The Sky of Afghanistan, a picture book by Ana A. de Eulate, illustrated by Sonja Wimmer, is about the dreams of "a little Afghan girl."
Check out the review on the website BookDragon. All the preceeds of this book are being donated by the author and illustrator to the Cometa Foundation, a Spain-based organization dedicated to empowering women.
I discovered this book soon after hearing Azar Nafisi, the author of Reading Lolita in Tehran, speak at Colgate University. Nafisi was once a little girl in Iran, not Afghanistan, but she knows about the educational repression of women first hand. Though she had the rare opportunity to study literature abroad, when she returned to Iran to teach, she had to do so under the constant threat of violence. Nafisi talked about her passion for stories, both true and fiction, because they are the way towards the truth about those in other cultures.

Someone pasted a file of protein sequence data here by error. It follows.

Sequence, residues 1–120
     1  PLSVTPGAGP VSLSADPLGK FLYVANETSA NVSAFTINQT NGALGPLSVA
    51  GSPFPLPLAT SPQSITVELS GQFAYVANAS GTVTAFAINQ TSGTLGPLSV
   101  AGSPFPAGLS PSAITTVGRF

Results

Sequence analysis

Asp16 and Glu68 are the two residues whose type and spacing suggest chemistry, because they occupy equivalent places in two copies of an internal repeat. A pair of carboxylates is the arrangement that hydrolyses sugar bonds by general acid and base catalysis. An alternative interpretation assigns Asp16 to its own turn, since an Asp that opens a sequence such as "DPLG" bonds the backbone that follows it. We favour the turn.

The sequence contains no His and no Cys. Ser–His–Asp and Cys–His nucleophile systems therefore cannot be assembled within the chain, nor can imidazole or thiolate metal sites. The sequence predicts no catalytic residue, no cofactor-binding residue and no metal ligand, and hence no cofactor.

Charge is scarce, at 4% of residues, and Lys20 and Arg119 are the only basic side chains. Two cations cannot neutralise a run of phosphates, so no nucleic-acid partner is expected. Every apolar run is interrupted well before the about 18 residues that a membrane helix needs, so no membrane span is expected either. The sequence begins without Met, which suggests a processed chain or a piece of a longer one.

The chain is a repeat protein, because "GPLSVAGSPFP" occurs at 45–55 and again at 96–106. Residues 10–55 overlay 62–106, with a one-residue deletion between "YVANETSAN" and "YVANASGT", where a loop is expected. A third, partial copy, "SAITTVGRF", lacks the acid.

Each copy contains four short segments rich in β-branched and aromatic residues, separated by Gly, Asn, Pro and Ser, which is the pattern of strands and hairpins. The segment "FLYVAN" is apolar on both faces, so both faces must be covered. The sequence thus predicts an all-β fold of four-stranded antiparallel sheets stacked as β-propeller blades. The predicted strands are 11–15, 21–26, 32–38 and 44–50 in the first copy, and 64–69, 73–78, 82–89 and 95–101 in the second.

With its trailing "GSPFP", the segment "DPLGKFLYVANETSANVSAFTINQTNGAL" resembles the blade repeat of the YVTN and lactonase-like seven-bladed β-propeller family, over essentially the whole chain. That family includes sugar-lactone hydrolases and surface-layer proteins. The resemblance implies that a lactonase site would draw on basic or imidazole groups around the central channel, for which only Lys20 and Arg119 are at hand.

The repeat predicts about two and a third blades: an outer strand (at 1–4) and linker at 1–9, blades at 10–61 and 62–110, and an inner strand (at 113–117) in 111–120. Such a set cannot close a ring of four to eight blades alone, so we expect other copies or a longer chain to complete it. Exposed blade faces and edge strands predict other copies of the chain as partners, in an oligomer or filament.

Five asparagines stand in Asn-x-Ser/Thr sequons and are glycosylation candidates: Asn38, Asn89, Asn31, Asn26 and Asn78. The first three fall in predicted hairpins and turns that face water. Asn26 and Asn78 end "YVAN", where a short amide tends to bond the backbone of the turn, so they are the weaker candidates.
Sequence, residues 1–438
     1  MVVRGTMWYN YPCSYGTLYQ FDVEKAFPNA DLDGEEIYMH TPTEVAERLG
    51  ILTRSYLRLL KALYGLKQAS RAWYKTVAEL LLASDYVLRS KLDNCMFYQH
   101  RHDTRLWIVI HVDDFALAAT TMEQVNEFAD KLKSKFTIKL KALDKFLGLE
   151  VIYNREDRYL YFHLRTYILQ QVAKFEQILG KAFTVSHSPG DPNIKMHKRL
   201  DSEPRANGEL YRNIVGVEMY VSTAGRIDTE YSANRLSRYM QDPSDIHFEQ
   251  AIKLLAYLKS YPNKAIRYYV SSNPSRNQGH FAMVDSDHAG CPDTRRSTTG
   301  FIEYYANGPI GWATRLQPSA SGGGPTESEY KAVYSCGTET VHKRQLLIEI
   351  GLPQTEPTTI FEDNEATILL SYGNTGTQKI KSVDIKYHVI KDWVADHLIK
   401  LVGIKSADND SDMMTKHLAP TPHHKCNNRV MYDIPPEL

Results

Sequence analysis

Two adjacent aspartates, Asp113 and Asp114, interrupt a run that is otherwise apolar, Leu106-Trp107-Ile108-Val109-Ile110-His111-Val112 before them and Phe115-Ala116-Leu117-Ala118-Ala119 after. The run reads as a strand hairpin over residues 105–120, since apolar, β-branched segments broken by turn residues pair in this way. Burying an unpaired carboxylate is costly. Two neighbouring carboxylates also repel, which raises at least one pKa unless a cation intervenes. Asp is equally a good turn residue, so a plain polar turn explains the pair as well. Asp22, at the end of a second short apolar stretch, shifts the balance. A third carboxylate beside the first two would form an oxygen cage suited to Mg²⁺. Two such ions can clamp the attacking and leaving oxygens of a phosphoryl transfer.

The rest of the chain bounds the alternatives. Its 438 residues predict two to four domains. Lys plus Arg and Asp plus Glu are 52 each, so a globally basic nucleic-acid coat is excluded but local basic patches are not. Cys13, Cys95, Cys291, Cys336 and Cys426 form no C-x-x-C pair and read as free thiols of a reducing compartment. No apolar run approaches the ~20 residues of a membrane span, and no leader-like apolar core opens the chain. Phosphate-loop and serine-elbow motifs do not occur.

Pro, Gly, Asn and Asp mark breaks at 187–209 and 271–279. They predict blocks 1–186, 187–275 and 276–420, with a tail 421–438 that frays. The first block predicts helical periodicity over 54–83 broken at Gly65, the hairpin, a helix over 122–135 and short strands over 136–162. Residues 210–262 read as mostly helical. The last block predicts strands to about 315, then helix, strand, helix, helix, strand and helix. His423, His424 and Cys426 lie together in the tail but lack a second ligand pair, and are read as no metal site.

What exactly is the nature of the dream of the little Afghan girl in The Sky of Afghanistan? Ana A. de Eulate puts it this way:
. . . a wonderful dream in which we all hold hands,/ and we are all given a new opportunity/ to leave our footprints for all eternity.
The desire of a person to connect with others and to leave something better behind, crosses all borders. It's universal. But even as repressive governments and extreme religion make the dreams of girls impossible, so does the presence of war. What our little Afghan girl tells us she needs is:
a place where harmony reigns,/ A place of togetherness . . . / A place--please forgive me if my eyes fill with /tears--that leads us towards PEACE.
Wimmer's artwork is beautiful and evocative. There is a sweetness and gentleness. The sky, clouds, birds, and kites daring to fly upward over Afghanistan, like dreams. The little Afghan girl's toys are all different colorful sorts of creatures who hold hands.
This book is an example of why books for children are important. Because they speak to the dreams of children, celebrate dreams, and encourage children to hope.
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